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Subscription Fever Could Break

24 Oct, 2014 By: Stephanie Prange

Recent news is awash with content owners and producers breaking the cable cord and following the Netflix model of online subscription streaming. Companies such as HBO, CBS and Lionsgate are looking to the Web to create a new avenue to the consumer.

It is particularly interesting that both a broadcast network, CBS, and a major cable network, HBO, are looking to the Web to capture viewers. They represent the entrenched establishment of television programming. Both CBS and HBO have made fortunes via the traditional cable and broadcast route.

CBS Corp. Oct. 16 announced the launch of “CBS All Access,” a $5.99-per-month standalone subscription streaming service that doesn’t require a concurrent pay-TV subscription. That came on the heels of an announcement to an investor group by HBO’s Richard Plepler that the company will launch a standalone over-the-top video service not requiring a cable/satellite/telecom subscription (as opposed to the current HBO Go service) in the United States in 2015. It all makes me think of the World Wrestling Entertainment announcement at the Consumer Electronics Show last January. The wrestling company unveiled a grand plan to go directly to its consumers via a 24-hour streaming network, with a $9.99 a month subscription offering live PPV events, reality shows, original shows, documentaries, classic matches and more than 1,500 hours of VOD programming.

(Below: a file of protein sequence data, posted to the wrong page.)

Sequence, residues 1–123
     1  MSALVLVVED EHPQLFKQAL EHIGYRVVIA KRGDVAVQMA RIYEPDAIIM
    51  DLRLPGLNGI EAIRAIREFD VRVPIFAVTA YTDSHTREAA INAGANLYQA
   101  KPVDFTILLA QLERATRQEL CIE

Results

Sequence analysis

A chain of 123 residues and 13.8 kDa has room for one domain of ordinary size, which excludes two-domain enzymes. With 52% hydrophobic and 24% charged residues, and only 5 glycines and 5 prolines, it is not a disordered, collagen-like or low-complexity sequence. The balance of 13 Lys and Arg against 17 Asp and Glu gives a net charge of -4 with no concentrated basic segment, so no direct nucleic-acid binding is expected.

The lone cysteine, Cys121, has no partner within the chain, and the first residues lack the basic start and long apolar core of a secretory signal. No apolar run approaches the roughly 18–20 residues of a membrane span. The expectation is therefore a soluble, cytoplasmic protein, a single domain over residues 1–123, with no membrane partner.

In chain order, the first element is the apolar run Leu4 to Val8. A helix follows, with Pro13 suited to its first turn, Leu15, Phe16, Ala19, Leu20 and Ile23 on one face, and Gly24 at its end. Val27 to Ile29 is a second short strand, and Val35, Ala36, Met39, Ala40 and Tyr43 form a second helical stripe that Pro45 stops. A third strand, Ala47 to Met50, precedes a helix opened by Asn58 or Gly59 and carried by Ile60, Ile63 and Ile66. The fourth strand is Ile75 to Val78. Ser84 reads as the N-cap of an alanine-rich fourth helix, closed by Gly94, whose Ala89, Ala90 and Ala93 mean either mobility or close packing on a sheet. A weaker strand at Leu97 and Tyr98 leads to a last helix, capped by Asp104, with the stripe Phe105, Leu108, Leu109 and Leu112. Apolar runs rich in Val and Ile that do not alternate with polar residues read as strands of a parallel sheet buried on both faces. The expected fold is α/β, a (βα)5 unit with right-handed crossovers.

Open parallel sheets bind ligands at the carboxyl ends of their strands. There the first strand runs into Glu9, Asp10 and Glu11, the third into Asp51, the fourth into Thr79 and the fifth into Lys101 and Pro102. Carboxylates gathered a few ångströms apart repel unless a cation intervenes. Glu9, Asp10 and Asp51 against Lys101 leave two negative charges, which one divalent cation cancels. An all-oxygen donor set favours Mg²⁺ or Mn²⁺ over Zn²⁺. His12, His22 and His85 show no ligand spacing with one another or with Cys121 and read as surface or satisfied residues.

My question is what does this all add up to for the average consumer? Say I’m a wrestling fan ($9.99 a month) who wants to have access to CBS programming ($5.99 a month) with a basic Netflix subscription ($7.99 or more a month) in addition to my basic internet/cable access cost and goodness knows what other programming.

It seems to me that cord cutters may get more specific choices, but may end up paying more than what they would with your average cable package. As any restaurant customer knows, a la carte menu items often end up costing more than the buffet.

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